I realize I have been absent from my favorite book club for a long time. It does not, however, mean that I haven’t been reading the books that are voted in as the club’s book of the month. I read Caliph’s house and even managed to write a few lines about it on my iPhone while sipping coffee at a McDonald’s and keeping an eye on Jr running around in the play area. This is what I wrote, if anyone doubts it:
If you pick up this book, expecting it to be along the lines of Under the Tuscan Sun, you will be sorely disappointed. While the Tuscan Sun was a loving albeit a laborious exercise in restoring a Tuscan villa, Caliph’s house is anything but. Fraught with jinns, superstitious guardians, unpredictable secretaries and a mobster for a neighbor, the project to restore a Caliph’s house, at the edge of a Casablanca slum, is destined for disaster…
I could have written more but I quickly lost interest in writing the review. Since the book never got better, how much can one write in the negative?
In contrast to TCH, I thoroughly enjoyed reading Molly Wizenberg’s A Homemade Life. Author of the blog Orangette, Molly writes with an old fashioned, homemade charm about food, family and friends. The book reads like a collection of her blog posts with one to two recipes at the end of each post. There are recipes for soups, stews, salads, cakes and pies, some perfected by her cousins, her dad, her husband and herself.
If you have ever wondered how to word a recipe, from ingredients to method, I highly recommend A Homemade Life. Molly has mastered the art of writing down the most complex of recipes into a simplified, you-can-do-it-style. Reading her recipes, related to the “food stories” that accompany it make you want to step in your kitchen and start making a big pot of soup or bake one of her decadent cakes.
For me, the most poignant of the posts were the ones about her father, his love of all things French that he passed on to her, and her deep connection with him. But there are moments of joy and serendipity and fortuitous connections made over food that will remind you that the common thread that binds us all is also the one that sustains us. That is the reason why so many bloggers blog about food and why there is an entire TV channel dedicated to food.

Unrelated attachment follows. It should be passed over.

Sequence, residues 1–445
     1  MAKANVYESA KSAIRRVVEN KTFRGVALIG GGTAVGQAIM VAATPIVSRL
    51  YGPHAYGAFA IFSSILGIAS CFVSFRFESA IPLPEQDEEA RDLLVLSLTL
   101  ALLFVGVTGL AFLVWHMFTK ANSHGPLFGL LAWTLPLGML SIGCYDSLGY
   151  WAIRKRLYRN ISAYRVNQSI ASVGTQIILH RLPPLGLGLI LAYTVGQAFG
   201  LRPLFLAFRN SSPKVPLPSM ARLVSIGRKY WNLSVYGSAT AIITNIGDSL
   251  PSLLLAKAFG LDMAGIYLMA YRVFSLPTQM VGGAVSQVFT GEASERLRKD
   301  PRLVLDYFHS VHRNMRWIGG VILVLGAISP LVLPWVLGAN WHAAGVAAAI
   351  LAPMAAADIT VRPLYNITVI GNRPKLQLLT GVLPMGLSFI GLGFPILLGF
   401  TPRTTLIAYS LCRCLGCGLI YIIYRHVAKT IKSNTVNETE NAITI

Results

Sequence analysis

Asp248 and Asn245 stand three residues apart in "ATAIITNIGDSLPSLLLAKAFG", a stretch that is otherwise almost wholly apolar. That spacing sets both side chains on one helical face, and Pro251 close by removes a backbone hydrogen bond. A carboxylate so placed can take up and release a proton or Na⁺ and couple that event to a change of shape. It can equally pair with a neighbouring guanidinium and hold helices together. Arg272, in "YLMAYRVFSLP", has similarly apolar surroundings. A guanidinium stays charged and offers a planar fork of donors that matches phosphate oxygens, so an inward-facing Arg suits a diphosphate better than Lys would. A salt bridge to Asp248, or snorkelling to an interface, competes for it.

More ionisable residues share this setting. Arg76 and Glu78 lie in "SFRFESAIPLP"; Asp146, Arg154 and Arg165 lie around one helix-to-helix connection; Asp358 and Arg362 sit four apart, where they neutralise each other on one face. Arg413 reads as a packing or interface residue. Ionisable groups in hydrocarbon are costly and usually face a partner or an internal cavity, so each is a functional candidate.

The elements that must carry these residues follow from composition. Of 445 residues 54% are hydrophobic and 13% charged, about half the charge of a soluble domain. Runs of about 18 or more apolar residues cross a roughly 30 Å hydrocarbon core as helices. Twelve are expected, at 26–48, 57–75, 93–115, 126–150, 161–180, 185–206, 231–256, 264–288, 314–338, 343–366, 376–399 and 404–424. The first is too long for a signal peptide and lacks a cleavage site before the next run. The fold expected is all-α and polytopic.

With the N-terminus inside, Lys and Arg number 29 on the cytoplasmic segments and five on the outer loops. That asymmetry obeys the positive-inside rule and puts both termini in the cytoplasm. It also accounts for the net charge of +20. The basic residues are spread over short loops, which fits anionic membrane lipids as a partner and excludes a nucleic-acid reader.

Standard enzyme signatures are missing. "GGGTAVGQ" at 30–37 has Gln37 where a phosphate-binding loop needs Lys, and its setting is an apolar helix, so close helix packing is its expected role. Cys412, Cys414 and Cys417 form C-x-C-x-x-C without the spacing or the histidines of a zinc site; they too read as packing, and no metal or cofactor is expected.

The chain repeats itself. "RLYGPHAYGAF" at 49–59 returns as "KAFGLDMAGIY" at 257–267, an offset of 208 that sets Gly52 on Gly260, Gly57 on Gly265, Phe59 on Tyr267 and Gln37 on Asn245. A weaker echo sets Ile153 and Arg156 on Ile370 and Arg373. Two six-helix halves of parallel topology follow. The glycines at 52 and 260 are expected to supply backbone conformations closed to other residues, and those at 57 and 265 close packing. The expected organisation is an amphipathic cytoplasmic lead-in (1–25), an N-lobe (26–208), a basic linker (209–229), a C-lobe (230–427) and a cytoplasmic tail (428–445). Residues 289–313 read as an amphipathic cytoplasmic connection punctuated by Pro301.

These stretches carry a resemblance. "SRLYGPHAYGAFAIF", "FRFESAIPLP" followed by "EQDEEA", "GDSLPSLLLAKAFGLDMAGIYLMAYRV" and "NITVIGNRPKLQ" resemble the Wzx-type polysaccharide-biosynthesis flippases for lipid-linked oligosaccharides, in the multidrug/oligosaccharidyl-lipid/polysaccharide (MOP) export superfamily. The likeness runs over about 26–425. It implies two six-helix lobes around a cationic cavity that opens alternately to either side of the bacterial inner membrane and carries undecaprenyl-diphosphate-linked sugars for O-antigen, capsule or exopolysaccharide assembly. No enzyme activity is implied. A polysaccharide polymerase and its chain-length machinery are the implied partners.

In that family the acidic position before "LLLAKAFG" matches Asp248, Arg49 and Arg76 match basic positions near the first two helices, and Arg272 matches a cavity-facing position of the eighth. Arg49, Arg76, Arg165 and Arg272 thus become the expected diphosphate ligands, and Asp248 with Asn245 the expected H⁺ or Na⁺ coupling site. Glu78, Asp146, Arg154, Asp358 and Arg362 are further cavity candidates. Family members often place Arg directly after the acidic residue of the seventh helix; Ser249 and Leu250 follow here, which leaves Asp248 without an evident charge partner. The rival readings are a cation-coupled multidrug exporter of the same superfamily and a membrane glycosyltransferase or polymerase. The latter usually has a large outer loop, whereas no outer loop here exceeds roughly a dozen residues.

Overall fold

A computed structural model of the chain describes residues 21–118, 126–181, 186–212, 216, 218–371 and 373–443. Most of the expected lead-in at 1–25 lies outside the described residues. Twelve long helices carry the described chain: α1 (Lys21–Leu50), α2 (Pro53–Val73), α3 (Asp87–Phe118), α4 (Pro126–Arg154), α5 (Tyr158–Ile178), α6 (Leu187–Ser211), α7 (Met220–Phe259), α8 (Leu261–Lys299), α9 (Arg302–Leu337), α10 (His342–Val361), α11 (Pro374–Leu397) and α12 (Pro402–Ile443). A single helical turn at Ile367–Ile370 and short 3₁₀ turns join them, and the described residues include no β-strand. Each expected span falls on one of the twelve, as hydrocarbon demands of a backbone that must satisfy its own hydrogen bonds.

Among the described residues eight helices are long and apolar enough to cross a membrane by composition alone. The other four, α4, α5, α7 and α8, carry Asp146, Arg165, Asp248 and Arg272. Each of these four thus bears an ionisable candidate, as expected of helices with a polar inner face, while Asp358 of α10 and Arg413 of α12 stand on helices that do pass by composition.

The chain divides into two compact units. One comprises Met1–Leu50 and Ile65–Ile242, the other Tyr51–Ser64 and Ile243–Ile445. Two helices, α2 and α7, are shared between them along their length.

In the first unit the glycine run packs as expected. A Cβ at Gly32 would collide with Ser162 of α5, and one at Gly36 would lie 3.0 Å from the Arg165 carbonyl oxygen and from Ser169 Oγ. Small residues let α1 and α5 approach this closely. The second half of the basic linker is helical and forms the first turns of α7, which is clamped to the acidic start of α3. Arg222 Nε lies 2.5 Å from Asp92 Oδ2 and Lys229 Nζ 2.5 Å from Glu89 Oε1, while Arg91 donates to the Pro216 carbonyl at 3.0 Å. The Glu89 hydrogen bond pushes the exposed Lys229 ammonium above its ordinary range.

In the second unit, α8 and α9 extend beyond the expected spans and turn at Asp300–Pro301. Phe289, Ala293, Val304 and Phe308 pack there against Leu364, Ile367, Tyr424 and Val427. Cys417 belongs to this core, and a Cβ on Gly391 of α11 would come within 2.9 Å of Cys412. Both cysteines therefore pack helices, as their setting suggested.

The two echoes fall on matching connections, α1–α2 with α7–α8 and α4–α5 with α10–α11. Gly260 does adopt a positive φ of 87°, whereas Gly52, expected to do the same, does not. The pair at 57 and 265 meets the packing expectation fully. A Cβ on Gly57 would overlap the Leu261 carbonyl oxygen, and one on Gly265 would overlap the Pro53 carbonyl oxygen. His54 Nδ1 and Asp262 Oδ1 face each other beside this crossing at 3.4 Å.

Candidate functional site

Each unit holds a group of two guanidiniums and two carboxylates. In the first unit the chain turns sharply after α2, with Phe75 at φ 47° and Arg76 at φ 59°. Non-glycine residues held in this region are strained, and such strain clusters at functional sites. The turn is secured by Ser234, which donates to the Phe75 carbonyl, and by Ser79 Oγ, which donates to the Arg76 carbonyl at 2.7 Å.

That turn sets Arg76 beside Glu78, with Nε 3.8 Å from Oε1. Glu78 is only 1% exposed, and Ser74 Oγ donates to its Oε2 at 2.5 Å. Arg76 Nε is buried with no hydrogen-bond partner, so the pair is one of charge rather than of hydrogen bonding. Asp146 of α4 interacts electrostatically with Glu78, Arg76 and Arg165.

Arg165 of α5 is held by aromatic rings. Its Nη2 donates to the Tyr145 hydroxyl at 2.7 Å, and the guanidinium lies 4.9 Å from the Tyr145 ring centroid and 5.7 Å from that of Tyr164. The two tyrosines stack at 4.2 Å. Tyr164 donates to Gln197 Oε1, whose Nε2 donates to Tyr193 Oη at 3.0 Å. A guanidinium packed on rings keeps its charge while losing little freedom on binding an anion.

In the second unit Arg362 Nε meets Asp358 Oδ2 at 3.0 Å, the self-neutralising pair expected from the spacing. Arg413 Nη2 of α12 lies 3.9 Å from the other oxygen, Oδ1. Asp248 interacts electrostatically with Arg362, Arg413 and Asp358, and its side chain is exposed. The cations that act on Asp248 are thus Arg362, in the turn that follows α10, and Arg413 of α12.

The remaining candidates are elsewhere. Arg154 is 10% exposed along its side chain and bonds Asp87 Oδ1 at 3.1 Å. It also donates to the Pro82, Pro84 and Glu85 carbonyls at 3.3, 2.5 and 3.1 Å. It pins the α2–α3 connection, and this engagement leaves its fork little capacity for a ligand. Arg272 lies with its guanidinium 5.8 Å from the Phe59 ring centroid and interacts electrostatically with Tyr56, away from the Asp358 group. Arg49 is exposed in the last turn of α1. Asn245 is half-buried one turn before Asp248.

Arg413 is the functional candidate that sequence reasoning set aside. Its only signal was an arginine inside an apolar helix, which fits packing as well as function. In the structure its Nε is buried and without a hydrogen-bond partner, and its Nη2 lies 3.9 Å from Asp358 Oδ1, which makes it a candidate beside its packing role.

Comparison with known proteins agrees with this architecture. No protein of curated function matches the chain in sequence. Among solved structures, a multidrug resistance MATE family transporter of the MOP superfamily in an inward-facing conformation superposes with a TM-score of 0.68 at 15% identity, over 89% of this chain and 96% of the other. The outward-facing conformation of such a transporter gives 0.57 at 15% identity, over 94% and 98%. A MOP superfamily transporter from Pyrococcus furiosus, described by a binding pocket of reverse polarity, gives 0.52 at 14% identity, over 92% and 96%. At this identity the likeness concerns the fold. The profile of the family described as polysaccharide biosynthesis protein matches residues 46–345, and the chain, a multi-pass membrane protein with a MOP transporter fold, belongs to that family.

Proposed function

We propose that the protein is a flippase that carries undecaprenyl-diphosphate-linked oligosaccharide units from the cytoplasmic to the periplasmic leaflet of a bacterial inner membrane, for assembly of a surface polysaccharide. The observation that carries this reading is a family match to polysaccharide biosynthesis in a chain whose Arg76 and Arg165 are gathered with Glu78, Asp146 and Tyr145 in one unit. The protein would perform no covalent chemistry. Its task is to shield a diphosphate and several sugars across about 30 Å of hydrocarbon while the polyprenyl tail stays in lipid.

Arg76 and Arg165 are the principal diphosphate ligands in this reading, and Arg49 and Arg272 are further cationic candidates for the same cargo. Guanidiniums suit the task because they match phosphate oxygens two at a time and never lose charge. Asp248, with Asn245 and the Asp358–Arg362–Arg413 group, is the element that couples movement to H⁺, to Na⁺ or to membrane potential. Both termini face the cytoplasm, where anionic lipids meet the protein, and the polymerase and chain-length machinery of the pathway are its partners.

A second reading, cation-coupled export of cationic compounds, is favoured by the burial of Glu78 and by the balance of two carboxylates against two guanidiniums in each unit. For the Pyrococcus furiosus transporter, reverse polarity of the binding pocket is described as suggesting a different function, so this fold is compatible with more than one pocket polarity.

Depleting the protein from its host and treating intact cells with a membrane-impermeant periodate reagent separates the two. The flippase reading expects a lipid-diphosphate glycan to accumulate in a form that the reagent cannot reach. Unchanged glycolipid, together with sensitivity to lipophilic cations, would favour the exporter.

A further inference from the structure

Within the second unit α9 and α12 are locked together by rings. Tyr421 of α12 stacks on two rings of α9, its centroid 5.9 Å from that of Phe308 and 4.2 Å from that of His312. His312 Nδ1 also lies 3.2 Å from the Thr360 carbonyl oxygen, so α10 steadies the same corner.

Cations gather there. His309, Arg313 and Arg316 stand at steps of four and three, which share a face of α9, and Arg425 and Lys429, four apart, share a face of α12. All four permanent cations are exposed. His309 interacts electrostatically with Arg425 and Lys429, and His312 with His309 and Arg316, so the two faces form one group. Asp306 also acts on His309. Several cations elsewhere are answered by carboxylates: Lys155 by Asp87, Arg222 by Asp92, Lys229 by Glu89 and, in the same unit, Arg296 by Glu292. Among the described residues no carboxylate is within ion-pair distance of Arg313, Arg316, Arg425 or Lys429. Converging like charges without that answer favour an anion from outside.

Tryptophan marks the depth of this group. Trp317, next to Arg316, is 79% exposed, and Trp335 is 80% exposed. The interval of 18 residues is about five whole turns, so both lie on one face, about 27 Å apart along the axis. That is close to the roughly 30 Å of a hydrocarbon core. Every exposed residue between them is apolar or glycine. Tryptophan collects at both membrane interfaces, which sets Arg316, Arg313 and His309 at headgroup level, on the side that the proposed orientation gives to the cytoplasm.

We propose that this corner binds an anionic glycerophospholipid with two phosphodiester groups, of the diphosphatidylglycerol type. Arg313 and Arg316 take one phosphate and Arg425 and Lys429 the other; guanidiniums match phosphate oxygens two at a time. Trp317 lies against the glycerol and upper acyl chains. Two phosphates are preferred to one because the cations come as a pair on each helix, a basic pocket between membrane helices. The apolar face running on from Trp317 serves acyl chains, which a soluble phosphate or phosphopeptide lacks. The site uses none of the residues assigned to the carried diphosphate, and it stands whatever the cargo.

You may wonder why I have not chosen to cook anything from her book, after praising it so much. For one, after reading through the whole book all I wanted to make more than anything else was Molly’s chocolate cake that she made for her own wedding. This cake uses equal amounts of butter and chocolate, some sugar and just a tablespoon of flour. The recipe is one of those that lures you to make it right away and then consume the finished goods till there is none left.
Bikram yoga studio and sweat and stretch for 90 minutes until your body feels it has been through the wash, tumble and rinse cycle of the washing machine. After that you indulge yourself in the semi-sweet embrace of a 64% Cocoa Scharffenberger and call it a day.
I did end up making something from her book, though not her exact recipe. It is a relatively healthier version of the banana bread that Molly has in the book. The recipe for this bread has already been posted on this blog but if you are too busy to click on the link, here’s the recipe once more with the original photo.
This recipe comes in handy every time I have some leftover, black, mushy bananas, hiding in the back of the fridge.
Makes one 9inch loaf of banana bread
Original Recipe Source: Hooked on heat
1 cup all purpose flour
¼ cup sugar
¼ cup butter
2 ripe bananas, mashed
1 tsp baking powder
1 tsp baking soda
1 tsp vanilla extract
Optional but recommended:
½ cup dry shredded coconut (I used sweetened coconut)
1/2 cup pecans or almonds (optional)
¼ cup semi sweet chocolate chips
Preheat oven to 375 degrees and grease a loaf pan on all sides.
Melt the butter in the microwave and add flour, sugar, baking powder and baking soda. Stir to mix.
Add the mashed bananas and mix to make a smooth batter. It will take a few minutes for the batter to come together.
Stir in the vanilla extract, pecans, coconut and chocolate chips.
Pour in the pan and bake for 30 minutes or depending on your oven, till a toothpick inserted in the cake comes out clean.
Serve with tea or as an after dinner dessert. The bread is not too sweet, loaded with the flavor of bananas and tastes yummy.
Note: If you do add chocolate chips, the toothpick inserted may come out coated with melted chocolate. In that case, insert it in another part of the bread.
Having baked this bread numerous times, I have come to realize that the riper the bananas the more intense the banana flavor. If you prefer a less intense banana flavor, use just slightly mushy bananas instead of waiting for them to get all black and squishy.